In a Democracy, we need to define the government’s contract to each individual on an equal personal basis. If we define the contract on need for the individual and consider it a blank check, there is unlimited liability for the government and this smacks of socialism.

To sum it all up, we are leaning to live with inflation and the new government programs. Ask yourself one question, “Are they going to make a larger bill for currency, like a $1,000 dollar bill. The gas pumps still won’t take $50 or $100 bills, maybe it is time for reality to kick in. Where can you go on a twenty dollar bill? What's really intensely clear on a personal level, the advent of a $1,000 dollar bill would confirm our suspicions about what Congress has been doing to us. Of course, forgive me, it's just my imagination running wild again.


AIM said...

Hi Jim,
Responding to this and to your response to me in the last article...
there are a lot of paper claims out there for a finite amount of actual tangible wealth (securitized investments, derivatives, etc.) meaning there is a lot of debt and paper that will have to be destroyed still, and a lot of losers will appear. Wages aren't really going up and won't. We are going the way of Japan (20 years of QE and they are still in deflationary morass). Yes we have the continuing creeping inflation that we've always had (not making the water too hot, too fast, to keep the frog from jumping out of the pot) Inflation can't move into high gear unless there is an increase in the velocity of money and that will only happen when the average American knows he needs to get rid of USD as soon as he gets it and convert it into tangibles (I would think that that awareness and action is still a long time coming). Banks and government are in cahoots. Banks don't want inflation as it would destroy all of their loans and cash holdings. They are trying to recapitalize. I wouldn't completely rule out deflation.

Jim in San Marcos said...


Personal perspective could be something I have overlooked. If we divide the population into three groups; under 20, under 40 and over 40, inflation is perceived differently with each group. The people under 20 have never experienced inflation or deflation. Whereas the people under 40 probably view the housing boom and bust as inflation and then deflation. The people 40 and above are looking at their savings that have lost purchasing power to some degree.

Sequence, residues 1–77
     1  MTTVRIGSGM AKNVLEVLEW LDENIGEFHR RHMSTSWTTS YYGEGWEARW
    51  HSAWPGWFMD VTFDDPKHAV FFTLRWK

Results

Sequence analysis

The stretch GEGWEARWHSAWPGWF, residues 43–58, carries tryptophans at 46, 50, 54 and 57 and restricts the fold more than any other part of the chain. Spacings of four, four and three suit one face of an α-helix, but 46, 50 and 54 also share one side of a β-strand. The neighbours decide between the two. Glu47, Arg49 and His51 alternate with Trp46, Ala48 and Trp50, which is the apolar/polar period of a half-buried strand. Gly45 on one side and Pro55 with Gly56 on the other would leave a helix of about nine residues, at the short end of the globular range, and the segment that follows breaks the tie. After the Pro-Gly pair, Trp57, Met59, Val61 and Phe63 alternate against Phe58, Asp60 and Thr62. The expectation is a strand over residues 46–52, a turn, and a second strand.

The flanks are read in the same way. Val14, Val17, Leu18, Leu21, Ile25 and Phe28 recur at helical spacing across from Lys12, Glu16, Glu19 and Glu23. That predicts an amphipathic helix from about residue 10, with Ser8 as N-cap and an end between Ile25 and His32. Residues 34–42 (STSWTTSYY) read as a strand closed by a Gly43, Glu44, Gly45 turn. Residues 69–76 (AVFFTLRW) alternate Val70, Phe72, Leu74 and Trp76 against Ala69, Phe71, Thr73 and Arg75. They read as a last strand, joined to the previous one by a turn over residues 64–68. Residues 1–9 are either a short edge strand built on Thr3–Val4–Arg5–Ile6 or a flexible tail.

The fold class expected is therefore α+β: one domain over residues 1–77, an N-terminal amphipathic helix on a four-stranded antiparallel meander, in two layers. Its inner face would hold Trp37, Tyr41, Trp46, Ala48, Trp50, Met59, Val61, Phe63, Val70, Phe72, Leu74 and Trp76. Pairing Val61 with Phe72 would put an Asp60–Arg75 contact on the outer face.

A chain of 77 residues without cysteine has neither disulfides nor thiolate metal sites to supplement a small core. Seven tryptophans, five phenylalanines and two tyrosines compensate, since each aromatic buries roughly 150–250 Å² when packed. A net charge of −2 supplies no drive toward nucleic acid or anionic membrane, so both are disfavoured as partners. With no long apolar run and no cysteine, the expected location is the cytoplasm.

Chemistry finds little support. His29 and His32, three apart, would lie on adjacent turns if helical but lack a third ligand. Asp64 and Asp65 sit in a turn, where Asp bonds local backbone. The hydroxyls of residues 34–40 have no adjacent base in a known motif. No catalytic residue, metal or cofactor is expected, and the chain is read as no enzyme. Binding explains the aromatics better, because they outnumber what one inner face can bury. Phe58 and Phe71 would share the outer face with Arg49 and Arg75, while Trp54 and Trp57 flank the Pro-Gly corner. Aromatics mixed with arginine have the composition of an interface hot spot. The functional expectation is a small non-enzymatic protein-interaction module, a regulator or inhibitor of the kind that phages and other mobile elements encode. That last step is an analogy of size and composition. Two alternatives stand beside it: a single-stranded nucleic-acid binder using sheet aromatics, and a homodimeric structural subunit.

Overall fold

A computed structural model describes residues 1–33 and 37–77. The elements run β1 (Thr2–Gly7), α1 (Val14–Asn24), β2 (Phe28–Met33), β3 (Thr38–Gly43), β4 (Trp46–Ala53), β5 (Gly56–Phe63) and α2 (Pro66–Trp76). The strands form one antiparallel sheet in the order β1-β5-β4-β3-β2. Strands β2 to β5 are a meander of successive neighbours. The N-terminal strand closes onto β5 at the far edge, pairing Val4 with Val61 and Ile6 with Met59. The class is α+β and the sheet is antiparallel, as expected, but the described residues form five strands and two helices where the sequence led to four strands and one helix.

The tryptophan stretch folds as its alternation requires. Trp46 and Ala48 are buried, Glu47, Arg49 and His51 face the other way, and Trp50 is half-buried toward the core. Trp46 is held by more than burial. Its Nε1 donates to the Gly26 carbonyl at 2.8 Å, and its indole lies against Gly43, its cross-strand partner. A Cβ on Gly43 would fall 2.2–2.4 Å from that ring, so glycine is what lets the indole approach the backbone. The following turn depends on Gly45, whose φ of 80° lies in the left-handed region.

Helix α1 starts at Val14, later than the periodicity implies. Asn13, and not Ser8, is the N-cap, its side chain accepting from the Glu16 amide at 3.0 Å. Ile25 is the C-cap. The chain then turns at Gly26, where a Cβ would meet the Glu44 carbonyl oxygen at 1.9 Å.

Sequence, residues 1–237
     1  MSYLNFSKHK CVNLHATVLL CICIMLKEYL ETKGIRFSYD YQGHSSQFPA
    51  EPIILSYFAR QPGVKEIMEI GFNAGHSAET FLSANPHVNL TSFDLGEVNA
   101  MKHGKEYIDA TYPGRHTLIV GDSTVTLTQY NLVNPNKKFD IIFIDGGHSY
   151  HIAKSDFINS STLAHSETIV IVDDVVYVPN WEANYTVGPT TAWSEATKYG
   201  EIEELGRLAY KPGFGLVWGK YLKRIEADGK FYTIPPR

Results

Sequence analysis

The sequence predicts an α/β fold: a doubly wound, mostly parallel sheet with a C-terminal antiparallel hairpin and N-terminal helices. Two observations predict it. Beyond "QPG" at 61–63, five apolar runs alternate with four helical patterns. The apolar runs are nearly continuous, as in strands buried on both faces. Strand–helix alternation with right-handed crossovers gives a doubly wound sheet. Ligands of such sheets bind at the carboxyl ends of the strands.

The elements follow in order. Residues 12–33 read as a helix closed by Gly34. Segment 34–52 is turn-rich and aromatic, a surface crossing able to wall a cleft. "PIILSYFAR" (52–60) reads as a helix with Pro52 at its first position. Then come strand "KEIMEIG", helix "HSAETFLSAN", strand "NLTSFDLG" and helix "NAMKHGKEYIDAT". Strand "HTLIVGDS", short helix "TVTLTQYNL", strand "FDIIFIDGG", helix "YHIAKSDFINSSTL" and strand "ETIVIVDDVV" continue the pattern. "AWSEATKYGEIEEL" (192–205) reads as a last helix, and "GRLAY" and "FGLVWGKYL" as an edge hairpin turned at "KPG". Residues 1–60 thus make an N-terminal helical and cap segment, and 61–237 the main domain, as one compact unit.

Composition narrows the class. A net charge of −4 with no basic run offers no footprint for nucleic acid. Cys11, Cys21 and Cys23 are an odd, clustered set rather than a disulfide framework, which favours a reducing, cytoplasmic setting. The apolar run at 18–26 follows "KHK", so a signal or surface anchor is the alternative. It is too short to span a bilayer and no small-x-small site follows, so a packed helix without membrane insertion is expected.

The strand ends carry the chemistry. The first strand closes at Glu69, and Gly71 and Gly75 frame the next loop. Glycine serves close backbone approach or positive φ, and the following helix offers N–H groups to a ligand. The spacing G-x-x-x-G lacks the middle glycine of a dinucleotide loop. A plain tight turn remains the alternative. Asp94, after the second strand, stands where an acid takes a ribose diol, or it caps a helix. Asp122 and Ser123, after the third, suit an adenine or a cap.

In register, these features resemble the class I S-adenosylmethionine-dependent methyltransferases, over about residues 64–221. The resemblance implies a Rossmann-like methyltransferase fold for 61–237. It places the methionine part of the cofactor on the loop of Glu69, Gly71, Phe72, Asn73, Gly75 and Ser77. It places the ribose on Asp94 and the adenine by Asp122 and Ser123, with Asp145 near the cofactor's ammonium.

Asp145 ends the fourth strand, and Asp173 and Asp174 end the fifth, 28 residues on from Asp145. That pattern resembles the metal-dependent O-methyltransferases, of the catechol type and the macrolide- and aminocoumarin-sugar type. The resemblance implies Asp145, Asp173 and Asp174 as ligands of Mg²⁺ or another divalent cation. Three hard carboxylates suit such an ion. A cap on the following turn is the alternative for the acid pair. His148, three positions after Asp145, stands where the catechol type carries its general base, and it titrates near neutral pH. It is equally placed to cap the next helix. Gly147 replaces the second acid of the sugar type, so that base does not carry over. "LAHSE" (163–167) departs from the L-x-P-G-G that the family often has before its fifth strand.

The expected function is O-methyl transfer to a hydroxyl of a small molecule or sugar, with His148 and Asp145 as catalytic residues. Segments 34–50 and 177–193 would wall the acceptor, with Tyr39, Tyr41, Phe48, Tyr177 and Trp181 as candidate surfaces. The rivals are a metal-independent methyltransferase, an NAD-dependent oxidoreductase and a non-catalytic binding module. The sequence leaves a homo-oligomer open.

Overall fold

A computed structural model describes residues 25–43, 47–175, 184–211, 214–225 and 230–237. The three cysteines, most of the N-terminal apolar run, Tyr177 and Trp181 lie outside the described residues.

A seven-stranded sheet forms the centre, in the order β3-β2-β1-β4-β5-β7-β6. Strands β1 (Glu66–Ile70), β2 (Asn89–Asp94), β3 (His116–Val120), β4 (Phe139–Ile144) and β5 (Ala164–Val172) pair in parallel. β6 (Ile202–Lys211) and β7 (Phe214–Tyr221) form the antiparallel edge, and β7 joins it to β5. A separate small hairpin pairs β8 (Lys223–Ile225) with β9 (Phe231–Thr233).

When we were under the gold standard, the bank knew when it lent $20 it would get back the same amount with interest. The gold standard prevented governments from printing money. In my opinion, without that control, it's kind of like turning a pervert loose in a day care center. Your not sure what will happen when, but you have a pretty good idea of the end results.

Presently I have had no cost of living or pay raise for 3 years and I'm not seeing any deflation. My dollars don't go as far as they did before. So through the inflationary process, I'm being paid less in actual terms. So I guess it could be considered deflation of sorts. The employer gets more for his dollar. Kind of a conundrum that cuts both ways.

AIM said...

Your point of perspective is a good one Jim. Of course we know we've been a frog in a slow boiling pot ever since 1913 with the birth of The Federal Reserve and Income Tax... inflation has gradiently ravaged our purchasing power. But there still is the potential for deflation or deflationary periods due to the imbalance between paper claims and real tangible wealth. I believe Nicole Foss, A. Gary Shilling and Harry Dent all make a good argument for deflationary winds to hit us at times.

I'm in the USD now and using it to make money although I know when the indicators of massive inflation hit us (M2, price of oil, wages) I will need to shift out of paper money and into hard assets, in the hope of preserving some of the small amount of wealth that I have.